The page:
Cryogenics and Happy Mistakes


There are, believe it not, some very interesting spin-offs from the morbid subject of Cryonics: It’s not all just a dead end.

There have already been some very successful test cases of deep-freezing bodily components, like blood vessel valves, for instance and then bringing them back to operational use. This research has been extended to look at the very real prospect of preserving organs for much longer periods, providing solutions to crises later down the road, by providing a very real source of much needed organ replacements. An organ bank, if you like, where the sell by dates are not so prohibitive.

Not only this, NASA has gone into the think tank over cryosleep… a way of putting space travellers into a biological sleep using a drop in temperature to preserve them for long enough to get them really significant distances into space: The sort of timespan which would normally lead to someone being decrepit or dead by the end of it.

Interesting stuff.

This cryosleep is also being examined as a way to remove someone from trauma, say a soldier severely injured in war, put into some sort of sleep to allow injuries time to heal, the body stabilise and so the trauma easier to deal with for the person concerned.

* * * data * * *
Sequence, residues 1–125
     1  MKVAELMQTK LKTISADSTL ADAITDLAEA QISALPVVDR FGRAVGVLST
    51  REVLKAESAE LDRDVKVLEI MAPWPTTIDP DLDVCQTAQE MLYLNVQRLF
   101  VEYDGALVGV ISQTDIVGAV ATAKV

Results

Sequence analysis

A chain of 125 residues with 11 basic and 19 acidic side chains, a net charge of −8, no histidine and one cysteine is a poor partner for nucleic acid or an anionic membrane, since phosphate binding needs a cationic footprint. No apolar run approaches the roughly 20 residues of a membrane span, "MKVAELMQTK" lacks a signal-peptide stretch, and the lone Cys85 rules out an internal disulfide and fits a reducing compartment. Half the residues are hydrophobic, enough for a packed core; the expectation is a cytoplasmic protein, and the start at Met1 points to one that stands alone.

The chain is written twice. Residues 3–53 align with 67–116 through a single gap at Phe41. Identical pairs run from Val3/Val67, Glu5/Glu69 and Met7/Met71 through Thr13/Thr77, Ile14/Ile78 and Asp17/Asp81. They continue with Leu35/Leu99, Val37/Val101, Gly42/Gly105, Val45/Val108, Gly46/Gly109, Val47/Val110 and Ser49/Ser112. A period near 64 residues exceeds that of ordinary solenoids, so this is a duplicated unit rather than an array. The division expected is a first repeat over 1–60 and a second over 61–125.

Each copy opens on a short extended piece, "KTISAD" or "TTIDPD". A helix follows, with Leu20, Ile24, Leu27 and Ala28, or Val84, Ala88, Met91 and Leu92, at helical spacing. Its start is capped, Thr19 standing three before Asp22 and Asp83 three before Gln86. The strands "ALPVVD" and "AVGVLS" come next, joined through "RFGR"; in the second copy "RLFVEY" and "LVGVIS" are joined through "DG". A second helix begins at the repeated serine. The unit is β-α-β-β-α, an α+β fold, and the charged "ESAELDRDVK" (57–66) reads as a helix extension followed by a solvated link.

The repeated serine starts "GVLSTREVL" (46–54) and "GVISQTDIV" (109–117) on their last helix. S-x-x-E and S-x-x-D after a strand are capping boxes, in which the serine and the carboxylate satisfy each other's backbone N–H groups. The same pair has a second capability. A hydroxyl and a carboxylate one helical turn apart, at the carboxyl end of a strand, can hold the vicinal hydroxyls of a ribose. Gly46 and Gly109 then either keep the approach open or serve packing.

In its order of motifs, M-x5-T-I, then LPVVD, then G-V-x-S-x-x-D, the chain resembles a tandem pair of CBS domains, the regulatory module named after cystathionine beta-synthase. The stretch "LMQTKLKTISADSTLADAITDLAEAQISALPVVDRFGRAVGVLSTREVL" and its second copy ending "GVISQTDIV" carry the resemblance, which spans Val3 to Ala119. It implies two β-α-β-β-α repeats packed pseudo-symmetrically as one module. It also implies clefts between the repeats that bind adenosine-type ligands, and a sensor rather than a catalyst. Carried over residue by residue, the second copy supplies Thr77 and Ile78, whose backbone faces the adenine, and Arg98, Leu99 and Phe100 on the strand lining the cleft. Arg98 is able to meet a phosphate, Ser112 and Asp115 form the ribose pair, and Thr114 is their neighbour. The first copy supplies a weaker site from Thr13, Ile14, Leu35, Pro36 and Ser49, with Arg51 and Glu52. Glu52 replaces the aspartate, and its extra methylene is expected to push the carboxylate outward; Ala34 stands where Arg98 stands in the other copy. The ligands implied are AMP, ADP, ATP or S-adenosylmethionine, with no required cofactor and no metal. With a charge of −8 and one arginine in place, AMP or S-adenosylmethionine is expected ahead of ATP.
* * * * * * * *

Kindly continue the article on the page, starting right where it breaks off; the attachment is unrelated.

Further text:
And all of this work is actually serving to bring the science of cryonics out of the ‘Crackpot’ bucket and into the mainstream.

The central gamble here is not that it works.. no one is standing up to announce that it does. No, it’s more an optimistic pronouncement. A faith in humanity and in science, that even though it may not work right now, the progress has been such that at some point in the future, the vitrification process will indeed become reversible. Not only that, but so will the possibility of growing a whole new body back, under a cryonically preserved head, as a Salamander regrows a missing limb. If one is able to get one’s own head around the immediate ‘eww’ factor, then one can see how this might be appealing to some not content to have their life only to let it pass without a fight.

I think, whatever my or anyone else’s opinion might be of Cryonic preservation, as with any deep research and development, like the Space Race, or Formula One, the side benefits of that exploration could actually prove really bountiful in improving the quality of life and even in saving lives.

After all, how many useful by-products, how many extraordinary scientific discoveries were made by happy mistake, whilst engaged in the pursuit of something else?

What is Cryonics? #Lazarus10

 

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